Quebec commits $11 million a year for new plan to curb youth runaways, teen prostitution

WATCH: The Quebec government is stepping up its prevention efforts in order to reduce the number of teen runaways and underage prostitutes. But as Gloria Henriquez reports, some are worried the money won't end up where it's needed most.

The Quebec government is stepping up its fight against youth runaways and teen prostitution.

The province says it will invest $11 million a year and will put in place a series of measures to reduce the number of youth runaways and teenage prostitutes across the province.

“Were working together, public security, organizations, the justice [and] health-care system,” said Lucie Charlebois, Quebec’s public health and youth protection minister.

Part of the government’s 24-point action plan is to add new liaison agents throughout Quebec who will ensure better communication between all the parties.

READ MORE: Quebec injects $3 million to fight sexual exploitation of runaway teens

It will add 63 new jobs in clinical supervision to support frontline workers and improve practices at youth centres.

Charlebois said the move will help young and overwhelmed workers stay in their jobs.

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This comes two years after the government invested $3 million to deal with these issues.

Other measures had also been put in place after a highly publicized string of runaways in Laval.

READ MORE: Quebec youth centre locks doors after several teenage girls run away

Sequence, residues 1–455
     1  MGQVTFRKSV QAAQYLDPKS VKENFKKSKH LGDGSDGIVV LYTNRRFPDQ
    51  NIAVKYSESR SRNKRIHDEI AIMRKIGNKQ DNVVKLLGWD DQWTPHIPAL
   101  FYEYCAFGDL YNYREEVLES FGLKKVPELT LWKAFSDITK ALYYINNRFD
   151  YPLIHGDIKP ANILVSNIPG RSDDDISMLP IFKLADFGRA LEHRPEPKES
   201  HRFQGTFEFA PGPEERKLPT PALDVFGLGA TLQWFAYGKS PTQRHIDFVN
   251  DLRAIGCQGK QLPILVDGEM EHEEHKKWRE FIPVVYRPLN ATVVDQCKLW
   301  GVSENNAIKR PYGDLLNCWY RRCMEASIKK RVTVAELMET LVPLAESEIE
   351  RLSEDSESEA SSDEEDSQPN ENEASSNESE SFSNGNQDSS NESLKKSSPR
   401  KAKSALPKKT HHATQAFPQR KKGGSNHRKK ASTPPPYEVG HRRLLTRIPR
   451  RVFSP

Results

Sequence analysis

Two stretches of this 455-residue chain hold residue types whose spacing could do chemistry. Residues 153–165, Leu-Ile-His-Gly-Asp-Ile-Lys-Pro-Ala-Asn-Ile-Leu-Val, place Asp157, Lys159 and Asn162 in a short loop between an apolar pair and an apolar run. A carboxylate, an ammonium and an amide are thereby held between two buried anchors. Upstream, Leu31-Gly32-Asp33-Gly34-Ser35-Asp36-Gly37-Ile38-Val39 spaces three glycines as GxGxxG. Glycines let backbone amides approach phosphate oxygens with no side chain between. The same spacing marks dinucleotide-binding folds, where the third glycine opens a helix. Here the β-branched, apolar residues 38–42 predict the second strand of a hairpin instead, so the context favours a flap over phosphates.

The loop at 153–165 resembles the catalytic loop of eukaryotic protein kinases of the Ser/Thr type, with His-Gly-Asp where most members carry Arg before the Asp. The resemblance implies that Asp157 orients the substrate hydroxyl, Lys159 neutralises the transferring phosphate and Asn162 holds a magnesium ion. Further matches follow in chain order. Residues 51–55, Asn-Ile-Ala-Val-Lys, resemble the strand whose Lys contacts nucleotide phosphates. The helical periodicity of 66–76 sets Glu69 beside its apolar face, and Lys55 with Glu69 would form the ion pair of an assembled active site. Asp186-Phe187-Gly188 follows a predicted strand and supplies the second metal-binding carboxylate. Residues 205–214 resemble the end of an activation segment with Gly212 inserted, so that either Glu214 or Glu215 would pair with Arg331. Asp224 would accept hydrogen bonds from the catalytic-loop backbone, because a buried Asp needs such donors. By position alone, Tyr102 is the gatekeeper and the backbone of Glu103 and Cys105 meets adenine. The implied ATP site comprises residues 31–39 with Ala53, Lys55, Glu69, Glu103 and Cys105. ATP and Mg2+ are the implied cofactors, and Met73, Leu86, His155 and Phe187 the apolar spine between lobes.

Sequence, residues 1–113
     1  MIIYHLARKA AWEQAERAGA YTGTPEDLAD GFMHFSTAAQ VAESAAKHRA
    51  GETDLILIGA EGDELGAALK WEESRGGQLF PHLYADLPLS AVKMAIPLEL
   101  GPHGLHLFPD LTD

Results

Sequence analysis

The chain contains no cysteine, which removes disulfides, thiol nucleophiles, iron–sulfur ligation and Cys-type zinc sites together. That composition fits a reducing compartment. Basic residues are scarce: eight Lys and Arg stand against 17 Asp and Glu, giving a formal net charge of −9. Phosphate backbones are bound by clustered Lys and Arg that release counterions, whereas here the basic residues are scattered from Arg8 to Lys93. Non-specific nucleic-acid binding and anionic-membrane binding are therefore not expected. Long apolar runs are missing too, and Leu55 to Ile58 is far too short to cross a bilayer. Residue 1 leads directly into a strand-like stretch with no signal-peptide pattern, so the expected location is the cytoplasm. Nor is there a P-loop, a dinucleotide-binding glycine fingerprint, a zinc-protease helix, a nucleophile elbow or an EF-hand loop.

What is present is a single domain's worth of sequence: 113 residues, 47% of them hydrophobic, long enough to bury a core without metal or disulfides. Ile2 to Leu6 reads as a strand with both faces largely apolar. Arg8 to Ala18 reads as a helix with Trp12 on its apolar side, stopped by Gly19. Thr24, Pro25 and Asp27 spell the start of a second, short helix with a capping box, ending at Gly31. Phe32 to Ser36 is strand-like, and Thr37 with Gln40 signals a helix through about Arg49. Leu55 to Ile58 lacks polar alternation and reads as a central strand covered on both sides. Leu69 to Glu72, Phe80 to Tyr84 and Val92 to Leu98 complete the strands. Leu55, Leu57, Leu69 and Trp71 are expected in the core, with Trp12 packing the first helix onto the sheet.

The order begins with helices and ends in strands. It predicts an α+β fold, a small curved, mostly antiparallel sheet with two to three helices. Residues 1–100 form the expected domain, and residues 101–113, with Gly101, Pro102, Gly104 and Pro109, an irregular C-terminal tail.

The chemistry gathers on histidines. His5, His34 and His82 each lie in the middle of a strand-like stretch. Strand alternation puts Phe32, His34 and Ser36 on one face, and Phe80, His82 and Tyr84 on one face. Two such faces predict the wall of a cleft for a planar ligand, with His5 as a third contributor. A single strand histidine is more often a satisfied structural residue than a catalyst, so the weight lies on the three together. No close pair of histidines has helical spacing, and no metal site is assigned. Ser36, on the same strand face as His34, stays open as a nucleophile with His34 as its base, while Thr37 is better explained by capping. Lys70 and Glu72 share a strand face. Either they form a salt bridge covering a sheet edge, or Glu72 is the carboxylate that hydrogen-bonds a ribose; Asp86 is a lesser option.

At the time, Quebec appointed an auditor to look into the problem, and the action plan is based on his report.

“It’s not like we’ll re-invent everything but we’re adding critical resources to provide a difference, to make a difference where it has to be done,” said Martin Coiteux, Quebec’s public security minister.

Last November, Quebec’s Health Minister Gaetan Barrette promised $15 million to add 100 new psychologist jobs to the provinces’ youth centres.

Frontline workers say they welcome the news but are worried the money won’t make its way to where it matters the most.

“What we’re wondering is how this money is going to go directly to the people who intervene with the youth,” said Caroline Simoneau, an APTS union representative.

“So far, what we’ve heard is clinical supervision — it’s more like administrative but we wonder if the youth are going to see the difference directly.”

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In another two years, the government says it will track its progress and improve its measures during a national forum.